Does the Government want investors? - Straight from the Hip by J Mulraj
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Investing in India - Straight from the Hip by J Mulraj
Does the Government want investors? A  A  A

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21 SEPTEMBER 2013

It does not seem that this Government wants investors, neither indirect investors nor direct investors. Its behaviour towards investors is appalling.

Take indirect investors.

Arvind Mayaram, Secretary, Department of Economic Affairs, MoF, in charge of the special task force to look into the NSEL (National Spot Exchange) scandal, harangued investors for trading on the exchange, forgetting the fact that it was the UPA Government that had authorised the exchange and forgetting the fact that the same Government failed to regulate and supervise it.

It is a clear case of supervisory failure and the Government is equally responsible. But Mayaram wants to shirk the Government's responsibility.

How should a responsible Government, that wants to have investors and strives to protect them, behave?

Let's take some international experiences and some domestic ones.

The British investors in Lehman Brothers are expected to get 116% of the losses they incurred when the brokerage house collapsed! That's right! They will get MORE than their losses. The Government is helping the investors who suffered, not haranguing them, as Mayaram has done, in order to cover up its own deficiencies.

This is good governance.

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Take another example, that of JP Morgan. The firm has just paid a $ 920 b. fine, whilst admitting fault that it did not have proper risk control measures. NSEL too, did not have risk control measures in place. Stocks supposedly lying in its godowns were missing; only 15% are there. Borrowing companies did not have the ability to repay. Jignesh Shah, the promoter, knew all this and, as this article in Business Standard says, needs to be made accountable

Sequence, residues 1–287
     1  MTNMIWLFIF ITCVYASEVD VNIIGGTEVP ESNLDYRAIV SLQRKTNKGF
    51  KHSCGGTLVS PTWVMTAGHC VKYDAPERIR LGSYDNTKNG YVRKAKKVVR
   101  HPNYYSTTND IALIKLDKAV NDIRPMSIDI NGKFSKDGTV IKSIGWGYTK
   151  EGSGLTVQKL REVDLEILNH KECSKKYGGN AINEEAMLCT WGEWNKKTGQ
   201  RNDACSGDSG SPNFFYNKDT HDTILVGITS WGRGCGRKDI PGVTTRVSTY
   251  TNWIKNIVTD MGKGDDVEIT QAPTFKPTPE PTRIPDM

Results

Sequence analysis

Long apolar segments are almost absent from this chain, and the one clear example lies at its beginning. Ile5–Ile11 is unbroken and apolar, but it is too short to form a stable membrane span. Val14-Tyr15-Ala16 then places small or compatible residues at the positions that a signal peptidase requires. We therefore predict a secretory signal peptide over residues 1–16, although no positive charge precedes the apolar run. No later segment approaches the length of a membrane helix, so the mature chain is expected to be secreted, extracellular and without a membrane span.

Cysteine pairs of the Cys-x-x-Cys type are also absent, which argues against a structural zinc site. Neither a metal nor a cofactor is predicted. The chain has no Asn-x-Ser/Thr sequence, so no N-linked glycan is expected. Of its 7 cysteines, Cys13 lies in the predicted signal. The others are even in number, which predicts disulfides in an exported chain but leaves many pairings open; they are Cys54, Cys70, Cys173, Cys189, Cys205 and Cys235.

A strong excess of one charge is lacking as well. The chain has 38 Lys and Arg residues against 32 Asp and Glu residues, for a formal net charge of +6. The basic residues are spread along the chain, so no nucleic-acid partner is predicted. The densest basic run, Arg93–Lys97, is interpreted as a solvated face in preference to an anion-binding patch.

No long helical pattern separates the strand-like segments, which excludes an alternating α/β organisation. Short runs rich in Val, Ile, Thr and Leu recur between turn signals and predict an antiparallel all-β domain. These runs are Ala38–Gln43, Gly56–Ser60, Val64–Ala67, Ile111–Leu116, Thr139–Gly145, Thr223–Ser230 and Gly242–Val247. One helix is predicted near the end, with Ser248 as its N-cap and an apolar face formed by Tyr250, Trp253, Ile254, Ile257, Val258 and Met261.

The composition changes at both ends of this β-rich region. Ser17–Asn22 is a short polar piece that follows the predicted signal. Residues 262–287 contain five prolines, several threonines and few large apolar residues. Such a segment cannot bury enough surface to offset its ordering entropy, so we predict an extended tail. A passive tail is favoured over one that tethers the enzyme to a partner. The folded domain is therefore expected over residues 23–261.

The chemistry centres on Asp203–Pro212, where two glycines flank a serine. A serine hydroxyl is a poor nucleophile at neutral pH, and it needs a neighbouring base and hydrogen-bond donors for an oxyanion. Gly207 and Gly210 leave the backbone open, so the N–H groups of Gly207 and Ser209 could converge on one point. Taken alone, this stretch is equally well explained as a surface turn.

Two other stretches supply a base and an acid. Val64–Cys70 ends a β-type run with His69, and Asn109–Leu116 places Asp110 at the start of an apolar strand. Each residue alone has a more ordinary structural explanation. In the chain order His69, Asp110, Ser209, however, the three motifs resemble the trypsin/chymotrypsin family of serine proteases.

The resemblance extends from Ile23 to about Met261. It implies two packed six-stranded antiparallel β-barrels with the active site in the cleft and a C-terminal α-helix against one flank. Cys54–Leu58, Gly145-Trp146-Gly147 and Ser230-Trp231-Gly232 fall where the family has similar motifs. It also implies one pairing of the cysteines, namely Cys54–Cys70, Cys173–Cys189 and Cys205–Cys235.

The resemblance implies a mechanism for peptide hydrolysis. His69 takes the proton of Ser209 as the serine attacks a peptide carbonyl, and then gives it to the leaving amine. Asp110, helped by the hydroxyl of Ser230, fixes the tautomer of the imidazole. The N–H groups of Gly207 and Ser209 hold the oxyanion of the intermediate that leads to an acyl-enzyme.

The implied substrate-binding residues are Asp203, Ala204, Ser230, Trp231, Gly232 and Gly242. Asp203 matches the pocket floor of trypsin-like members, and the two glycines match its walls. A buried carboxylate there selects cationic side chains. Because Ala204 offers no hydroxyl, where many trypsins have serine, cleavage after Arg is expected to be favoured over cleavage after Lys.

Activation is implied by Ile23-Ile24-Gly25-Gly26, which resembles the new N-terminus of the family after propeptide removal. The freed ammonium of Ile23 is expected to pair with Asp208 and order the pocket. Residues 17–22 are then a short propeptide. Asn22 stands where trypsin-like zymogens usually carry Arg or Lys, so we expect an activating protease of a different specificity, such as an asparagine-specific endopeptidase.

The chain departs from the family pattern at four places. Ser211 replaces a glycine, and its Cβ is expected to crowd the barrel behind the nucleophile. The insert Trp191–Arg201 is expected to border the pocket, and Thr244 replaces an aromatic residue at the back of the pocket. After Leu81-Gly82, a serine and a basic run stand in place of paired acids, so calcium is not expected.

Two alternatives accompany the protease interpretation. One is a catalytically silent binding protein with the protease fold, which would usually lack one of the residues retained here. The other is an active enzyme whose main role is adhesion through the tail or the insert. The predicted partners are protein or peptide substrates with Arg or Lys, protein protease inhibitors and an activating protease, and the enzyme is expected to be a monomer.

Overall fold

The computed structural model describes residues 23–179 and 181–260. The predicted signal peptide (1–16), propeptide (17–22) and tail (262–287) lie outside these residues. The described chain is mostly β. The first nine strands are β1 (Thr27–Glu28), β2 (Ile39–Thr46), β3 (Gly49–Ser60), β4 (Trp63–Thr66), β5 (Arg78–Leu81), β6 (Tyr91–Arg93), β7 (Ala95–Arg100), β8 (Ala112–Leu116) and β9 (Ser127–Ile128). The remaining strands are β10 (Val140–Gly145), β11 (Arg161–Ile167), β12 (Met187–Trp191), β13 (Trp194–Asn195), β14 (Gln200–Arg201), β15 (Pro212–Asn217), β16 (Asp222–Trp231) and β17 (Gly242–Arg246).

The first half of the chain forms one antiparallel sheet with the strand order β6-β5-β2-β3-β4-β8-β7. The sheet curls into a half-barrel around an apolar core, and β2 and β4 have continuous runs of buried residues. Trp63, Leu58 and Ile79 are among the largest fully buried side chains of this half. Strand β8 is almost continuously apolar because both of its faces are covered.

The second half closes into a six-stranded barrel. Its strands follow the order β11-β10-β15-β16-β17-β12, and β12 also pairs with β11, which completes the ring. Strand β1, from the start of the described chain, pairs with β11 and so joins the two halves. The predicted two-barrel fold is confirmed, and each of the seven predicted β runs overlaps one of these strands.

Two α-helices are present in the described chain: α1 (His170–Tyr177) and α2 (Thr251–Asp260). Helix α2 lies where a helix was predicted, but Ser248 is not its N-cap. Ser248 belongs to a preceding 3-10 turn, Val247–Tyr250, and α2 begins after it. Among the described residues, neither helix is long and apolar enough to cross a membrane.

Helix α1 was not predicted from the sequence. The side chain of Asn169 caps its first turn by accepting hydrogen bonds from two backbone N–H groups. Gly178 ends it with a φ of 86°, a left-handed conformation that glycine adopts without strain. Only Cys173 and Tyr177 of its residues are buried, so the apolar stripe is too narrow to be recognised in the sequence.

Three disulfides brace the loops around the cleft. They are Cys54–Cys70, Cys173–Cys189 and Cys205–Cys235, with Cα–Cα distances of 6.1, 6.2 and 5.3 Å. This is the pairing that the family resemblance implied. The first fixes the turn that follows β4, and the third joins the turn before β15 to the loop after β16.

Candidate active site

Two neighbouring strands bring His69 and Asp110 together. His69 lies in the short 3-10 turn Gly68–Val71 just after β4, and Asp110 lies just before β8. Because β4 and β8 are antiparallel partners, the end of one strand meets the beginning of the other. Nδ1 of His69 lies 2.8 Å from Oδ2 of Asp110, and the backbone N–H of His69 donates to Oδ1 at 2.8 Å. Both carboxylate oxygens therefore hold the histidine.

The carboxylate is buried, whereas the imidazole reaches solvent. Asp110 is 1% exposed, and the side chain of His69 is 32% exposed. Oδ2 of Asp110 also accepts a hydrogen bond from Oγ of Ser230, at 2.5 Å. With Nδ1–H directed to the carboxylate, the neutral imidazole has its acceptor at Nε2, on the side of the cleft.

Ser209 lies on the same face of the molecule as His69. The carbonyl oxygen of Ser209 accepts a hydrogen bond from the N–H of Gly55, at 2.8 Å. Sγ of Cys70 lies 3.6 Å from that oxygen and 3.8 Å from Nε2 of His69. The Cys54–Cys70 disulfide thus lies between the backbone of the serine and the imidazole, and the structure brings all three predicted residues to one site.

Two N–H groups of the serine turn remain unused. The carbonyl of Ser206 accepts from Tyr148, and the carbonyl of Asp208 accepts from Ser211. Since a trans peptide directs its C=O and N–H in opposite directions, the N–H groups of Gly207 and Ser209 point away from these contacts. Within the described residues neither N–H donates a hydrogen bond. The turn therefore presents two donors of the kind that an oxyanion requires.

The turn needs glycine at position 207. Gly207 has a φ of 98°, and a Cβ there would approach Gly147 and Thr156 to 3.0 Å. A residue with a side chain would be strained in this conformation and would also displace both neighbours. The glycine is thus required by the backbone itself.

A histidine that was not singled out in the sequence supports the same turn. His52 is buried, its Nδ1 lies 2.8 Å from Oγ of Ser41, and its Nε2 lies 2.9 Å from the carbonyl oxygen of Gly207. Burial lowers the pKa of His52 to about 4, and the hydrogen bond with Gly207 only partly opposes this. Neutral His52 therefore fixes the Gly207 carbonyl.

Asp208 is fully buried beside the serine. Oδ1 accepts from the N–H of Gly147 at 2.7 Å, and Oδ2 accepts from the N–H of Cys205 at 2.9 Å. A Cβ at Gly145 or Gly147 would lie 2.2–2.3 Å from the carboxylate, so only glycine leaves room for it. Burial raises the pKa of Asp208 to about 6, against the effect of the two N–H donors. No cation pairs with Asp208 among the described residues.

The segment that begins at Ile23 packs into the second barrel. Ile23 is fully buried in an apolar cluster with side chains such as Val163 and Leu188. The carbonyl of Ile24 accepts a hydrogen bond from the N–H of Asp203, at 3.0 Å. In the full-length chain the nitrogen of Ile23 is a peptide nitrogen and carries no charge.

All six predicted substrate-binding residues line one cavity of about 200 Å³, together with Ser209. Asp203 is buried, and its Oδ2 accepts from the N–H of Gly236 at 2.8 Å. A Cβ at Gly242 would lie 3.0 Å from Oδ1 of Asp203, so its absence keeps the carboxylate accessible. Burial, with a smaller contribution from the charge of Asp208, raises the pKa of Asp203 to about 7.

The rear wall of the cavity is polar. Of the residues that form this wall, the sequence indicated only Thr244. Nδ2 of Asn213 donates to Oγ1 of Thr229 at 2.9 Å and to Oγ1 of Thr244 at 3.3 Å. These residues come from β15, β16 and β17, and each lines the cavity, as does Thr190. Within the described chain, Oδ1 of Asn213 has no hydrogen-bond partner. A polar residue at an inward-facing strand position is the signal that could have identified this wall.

Its not only international experiences. Let's look at two Indian examples.

Satyam comes to mind. After the sensational confession of the promoter, Ramalinga Raju, that he had embezzled funds, causing a panic, the Government did a commendable job by bringing in a very respectable team of people, calming the nerves of investors and customers, and sorting out the mess. The company, restored to health, was auctioned off. What stops the Government from doing this now instead of dithering, as it has been doing?

The other example is that of Sahara. In fact this is a very similar case. Like NSEL, Satyam also slipped between regulatory cracks with both RBI and CLB maintaining that regulating such firms was not under their purview. It was only later, when the issue grew too big, that the Government took action. Prior to that it had not supported SEBI's stand that any issue to over 50 persons needed to have a prospectus vetted by SEBI. This is very poor governance!

If the Government can take action, belatedly, in the case of investors of Sahara, why can it not follow this precedent in the case of NSEL?

Or perhaps there is something more than meets the eye?

That was for indirect investors. Now let's see how it behaves with direct investors.

The Government had announced a policy to open up FDI (foreign direct investment) in multi brand retail. It almost lost a Parliamentary battle in trying to usher in FDI in retail. It was supposed to usher in job growth, new technology for a cold storage chain, and bring in foreign investment. Yet, to date, this has failed to take off. Why? Because the Government is not serious about attracting foreign investment. The DIPP made far too many rules including local sourcing and limits on size of firms to source from. Well, the bureaucrats may be happy but the country is not. No jobs have been created. No $ have come in. No technologies have, either.